Monday, November 16, 6:30-8:00 p.m.
Sixteen Acres Branch Library
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Please join State Senator Eric Lesser and Sixteen Acres Library Branch Manager Reggie Wilson for a discussion on the future of high speed rail developments in Western Massachusetts. This program will also feature a progress report on the Union Station renovation project currently underway in downtown Springfield. Please register for this free program by calling the Sixteen Acres Branch at 413-263-6858, signing up online, or stopping by the branch.
How far in the future is affordable high speed rail travel between Springfield, Worcester and Boston for area residents along the populous inland rail route? Imagine being able to travel between Springfield’s Union Station and Boston’s South Station at speeds exceeding 100 miles per hour.
- The program will discuss the benefits of being able to attend a Celtics/Red Sox/Bruins game, concerts, outstanding museums and other cultural events in the eastern part of the state. Once in Boston, extremely popular train connections to Cape Cod, Maine, New Hampshire or Canada are significantly closer via land travel for tourists.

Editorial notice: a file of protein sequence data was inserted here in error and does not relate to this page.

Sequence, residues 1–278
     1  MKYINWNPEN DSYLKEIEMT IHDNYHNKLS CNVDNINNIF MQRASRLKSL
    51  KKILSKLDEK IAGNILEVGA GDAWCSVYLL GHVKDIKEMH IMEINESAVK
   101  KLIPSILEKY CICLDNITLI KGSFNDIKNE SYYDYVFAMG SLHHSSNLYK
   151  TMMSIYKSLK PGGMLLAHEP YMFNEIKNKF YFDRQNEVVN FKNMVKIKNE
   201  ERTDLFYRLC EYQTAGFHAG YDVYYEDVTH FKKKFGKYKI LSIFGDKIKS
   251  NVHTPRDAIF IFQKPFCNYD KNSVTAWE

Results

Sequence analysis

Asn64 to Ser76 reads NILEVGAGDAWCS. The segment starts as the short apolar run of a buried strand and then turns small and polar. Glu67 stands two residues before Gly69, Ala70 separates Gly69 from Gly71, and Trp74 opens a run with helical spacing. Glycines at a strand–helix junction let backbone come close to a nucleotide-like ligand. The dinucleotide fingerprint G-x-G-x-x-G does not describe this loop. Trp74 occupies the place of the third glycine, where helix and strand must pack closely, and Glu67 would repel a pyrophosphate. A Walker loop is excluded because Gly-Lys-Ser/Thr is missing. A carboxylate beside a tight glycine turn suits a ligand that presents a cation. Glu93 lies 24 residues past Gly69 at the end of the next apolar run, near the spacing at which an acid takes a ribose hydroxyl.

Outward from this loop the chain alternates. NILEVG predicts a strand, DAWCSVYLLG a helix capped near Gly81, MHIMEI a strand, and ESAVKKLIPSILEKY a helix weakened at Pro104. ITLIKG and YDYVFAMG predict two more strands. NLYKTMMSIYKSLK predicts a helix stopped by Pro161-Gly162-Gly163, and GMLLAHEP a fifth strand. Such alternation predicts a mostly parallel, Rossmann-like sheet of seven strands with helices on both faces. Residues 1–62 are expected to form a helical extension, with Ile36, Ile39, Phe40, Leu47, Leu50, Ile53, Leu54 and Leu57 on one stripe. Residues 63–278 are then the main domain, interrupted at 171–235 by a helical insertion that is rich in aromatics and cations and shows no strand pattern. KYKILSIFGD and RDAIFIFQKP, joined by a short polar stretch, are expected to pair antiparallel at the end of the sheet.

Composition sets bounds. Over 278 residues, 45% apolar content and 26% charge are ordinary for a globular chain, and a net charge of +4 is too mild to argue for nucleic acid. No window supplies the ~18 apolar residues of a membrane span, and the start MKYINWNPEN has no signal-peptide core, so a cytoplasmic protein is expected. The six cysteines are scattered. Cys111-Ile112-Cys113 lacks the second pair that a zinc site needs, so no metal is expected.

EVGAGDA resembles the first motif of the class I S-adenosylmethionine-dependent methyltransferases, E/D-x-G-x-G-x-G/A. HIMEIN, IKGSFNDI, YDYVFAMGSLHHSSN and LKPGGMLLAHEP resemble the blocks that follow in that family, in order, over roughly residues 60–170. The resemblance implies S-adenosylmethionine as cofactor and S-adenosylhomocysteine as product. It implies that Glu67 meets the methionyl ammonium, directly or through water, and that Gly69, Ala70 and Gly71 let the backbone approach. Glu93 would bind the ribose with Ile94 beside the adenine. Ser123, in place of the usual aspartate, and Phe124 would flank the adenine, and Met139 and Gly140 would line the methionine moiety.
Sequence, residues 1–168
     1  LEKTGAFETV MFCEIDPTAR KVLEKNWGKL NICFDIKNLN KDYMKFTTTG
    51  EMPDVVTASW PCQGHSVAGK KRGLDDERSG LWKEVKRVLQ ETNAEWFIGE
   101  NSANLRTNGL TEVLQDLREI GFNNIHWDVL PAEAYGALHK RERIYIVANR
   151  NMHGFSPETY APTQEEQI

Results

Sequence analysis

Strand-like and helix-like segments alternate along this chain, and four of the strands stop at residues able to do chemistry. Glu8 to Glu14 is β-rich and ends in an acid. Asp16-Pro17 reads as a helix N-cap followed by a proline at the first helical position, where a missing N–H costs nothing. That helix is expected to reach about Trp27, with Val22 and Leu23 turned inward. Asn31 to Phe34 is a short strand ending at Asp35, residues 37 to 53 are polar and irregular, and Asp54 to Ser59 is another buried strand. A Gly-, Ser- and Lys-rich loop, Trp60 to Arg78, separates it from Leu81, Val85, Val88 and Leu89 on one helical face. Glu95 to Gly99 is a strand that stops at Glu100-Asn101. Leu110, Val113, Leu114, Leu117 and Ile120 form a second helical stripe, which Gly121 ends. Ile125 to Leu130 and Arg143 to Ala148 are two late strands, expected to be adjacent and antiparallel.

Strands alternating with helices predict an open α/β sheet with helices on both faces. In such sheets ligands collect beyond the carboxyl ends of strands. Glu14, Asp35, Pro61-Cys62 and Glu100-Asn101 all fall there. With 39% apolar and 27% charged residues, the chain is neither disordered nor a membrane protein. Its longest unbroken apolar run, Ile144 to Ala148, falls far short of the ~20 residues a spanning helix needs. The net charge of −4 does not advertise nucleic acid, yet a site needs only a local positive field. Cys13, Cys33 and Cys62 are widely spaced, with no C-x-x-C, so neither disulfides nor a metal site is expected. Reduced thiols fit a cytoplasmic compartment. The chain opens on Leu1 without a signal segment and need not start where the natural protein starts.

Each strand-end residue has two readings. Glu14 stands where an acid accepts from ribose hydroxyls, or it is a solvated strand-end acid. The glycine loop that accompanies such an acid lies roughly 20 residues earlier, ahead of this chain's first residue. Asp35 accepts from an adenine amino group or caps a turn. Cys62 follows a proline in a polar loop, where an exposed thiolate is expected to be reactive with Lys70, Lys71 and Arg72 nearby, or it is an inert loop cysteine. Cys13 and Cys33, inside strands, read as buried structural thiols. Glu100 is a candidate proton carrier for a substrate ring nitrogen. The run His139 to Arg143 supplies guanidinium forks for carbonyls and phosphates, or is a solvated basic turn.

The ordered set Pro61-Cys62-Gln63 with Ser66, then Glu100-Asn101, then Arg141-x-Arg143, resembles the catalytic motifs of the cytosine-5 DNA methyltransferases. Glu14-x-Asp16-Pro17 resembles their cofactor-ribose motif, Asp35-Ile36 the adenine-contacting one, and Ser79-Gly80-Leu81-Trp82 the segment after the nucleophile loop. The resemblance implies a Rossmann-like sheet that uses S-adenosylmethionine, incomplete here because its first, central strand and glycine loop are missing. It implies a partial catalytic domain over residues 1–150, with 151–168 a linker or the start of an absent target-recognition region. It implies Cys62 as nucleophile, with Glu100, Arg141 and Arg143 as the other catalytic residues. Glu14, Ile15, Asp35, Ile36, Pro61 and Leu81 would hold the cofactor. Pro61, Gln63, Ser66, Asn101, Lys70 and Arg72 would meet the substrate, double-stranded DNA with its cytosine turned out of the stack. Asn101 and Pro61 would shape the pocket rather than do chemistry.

- The Big E, Basketball Hall of Fame, Springfield libraries, Quadrangle Museums, MGM Casino, Brimfield Fair and other Western Mass. attractions would be easily in reach for Eastern Massachusetts residents.
- Can high speed rail possibly spur tremendous gains in workforce and economic development? Reliable high speed rail could lead to shorter commutes to more lucrative jobs in the eastern part of the state.
- The route would give students rapid access to world class colleges, universities, and technical schools along the Northampton/Amherst, Worcester, and Boston knowledge corridor.
- The program will show film clips of technologically advanced high speed trains traveling hundreds of miles per hour. These trains are commonplace in many countries throughout the world.
The program will also feature a progress report on the old Union Station currently being renovated.
- The audience can share past and present recollections about using Union Station.
- The program will provide a progress report using photographs and a scale model of the metamorphosis of Union Station into the area’s transportation hub.
- The program will address how the massive renovations made to Union Station, originally built in 1926, could trigger an urban renaissance in the North End of Springfield providing a safe place for shopping, fine dining, and commuting.